What few attempts at including the rest of the country in national development there have been, Farron scoffs, can be seen as “patronising, half-baked solutions”. He says: “The solutions that Whitehall has offered towards the North and the Midlands… plonking the DVLA in Swansea, for example, is your typical Whitehall response. HS2, while I remain on balance in favour of this, it’s very much a southerner’s idea of what needs doing: make it easier to get to London.”

Bottle-necking jobs and industry towards the capital, Farron warns, is not a healthy economic strategy. The need to make “the North a matter in itself”, he insists, should be even clearer post-Brexit. While Farron remains sceptical of the decision to leave the bloc and maintains that history will reflect on it unkindly – “I’ll eat a chocolate hat if it doesn’t” – he says that spreading wealth to areas no longer in line for subsidies, and improving internal access to services and the opportunities to export a wider variety of UK goods, are critical if the UK is to be even remotely self-sustainable. “Investment necessitates scale and ambition. Investing in particular industries is important, but that’s putting the cart before the horse. It’s the infrastructure that’s vital. Take the east-west high-speed rail link for example – HS3 – or the discussion about Heathrow. That might have been more sensible if we had discussed improving one of the northern airports. HS3 is so significant, because it’s connecting the two most significant ports from Hull to Liverpool. The idea that all routes should lead to London is bad for London and it’s bad for the UK.”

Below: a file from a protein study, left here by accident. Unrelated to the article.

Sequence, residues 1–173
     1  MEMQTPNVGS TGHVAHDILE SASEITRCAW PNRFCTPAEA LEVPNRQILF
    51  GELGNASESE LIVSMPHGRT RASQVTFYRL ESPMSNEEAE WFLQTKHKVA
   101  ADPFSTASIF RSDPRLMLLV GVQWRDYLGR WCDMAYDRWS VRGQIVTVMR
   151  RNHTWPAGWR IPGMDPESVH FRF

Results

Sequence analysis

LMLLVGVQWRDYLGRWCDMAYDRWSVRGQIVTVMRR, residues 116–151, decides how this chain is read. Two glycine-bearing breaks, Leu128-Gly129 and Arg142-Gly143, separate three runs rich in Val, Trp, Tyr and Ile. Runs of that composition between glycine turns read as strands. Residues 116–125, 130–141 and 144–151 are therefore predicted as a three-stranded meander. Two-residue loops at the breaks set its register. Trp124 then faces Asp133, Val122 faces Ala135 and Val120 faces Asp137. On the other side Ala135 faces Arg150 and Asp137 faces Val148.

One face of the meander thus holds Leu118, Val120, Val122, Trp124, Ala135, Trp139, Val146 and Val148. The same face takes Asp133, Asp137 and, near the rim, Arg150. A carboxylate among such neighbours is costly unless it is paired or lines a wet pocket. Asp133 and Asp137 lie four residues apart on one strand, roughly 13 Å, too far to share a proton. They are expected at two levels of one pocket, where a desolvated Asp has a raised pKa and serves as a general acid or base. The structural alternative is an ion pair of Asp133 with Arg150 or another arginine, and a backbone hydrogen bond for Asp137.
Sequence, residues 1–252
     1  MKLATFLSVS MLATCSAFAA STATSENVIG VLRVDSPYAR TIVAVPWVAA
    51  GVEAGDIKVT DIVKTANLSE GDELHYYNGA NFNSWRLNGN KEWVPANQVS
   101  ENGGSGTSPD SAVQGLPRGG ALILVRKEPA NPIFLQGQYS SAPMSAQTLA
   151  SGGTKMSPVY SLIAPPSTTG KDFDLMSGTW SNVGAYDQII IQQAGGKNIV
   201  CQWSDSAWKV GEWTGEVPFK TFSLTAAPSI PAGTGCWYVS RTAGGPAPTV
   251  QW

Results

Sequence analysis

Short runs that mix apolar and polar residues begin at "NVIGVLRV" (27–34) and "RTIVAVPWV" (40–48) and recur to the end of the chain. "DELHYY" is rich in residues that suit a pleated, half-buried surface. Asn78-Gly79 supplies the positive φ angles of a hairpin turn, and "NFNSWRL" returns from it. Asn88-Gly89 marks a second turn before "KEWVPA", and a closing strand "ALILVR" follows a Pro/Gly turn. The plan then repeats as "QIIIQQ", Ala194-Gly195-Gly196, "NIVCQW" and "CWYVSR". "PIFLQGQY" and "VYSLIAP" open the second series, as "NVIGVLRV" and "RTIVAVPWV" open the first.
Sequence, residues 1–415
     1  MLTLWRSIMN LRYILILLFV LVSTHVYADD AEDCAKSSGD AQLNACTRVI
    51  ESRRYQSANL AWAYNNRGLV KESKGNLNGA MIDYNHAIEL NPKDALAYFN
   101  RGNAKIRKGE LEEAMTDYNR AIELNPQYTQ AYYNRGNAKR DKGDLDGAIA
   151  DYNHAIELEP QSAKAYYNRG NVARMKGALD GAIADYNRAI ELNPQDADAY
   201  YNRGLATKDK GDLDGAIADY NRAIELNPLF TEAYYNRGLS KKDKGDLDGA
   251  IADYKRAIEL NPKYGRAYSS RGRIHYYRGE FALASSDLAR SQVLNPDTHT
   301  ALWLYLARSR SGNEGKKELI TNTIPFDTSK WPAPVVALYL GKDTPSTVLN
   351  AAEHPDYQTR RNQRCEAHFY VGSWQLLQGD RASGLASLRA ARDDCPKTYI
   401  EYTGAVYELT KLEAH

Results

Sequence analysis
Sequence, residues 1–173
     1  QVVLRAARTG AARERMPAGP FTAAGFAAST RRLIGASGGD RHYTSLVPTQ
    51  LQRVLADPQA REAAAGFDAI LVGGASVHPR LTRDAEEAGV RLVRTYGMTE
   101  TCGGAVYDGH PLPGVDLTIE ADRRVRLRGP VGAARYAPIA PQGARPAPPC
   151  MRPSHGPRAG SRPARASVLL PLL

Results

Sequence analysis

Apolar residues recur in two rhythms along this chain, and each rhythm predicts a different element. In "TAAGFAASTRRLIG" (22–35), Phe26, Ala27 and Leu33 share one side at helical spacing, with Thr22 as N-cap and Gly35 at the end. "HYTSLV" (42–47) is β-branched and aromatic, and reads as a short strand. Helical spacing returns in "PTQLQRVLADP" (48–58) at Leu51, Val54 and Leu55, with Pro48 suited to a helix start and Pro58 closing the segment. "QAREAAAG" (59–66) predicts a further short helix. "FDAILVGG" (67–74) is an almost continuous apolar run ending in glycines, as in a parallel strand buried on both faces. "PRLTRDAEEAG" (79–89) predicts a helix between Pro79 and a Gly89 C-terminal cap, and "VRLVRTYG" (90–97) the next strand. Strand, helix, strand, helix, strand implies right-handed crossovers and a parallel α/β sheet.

Farron stresses that a lack of connectivity, in many senses of the word, is hampering the north of England. Drawing on his own constituency’s in-tray, he says: “I’ve renewed a bid for us to have radiotherapy treatment at my local hospital in Kendal. Chemotherapy is there but for radio you’ve got to do a six-hour round trip elsewhere. The access for us is different to an urban area.”

Though Farron’s Lib Dem premiership might be remembered most immediately for how it ended – a resignation that cited the difficulties in balancing his Christian faith alongside the party’s position on homosexuality – his ability to draw so readily on local issues to inform wider ones, is a reminder of what he does well; and why, if only by the skin of his teeth in the last election, he keeps getting elected. June saw Farron’s majority in Westmorland and Lonsdale cut by 8,172 ahead of the Conservative James Airey.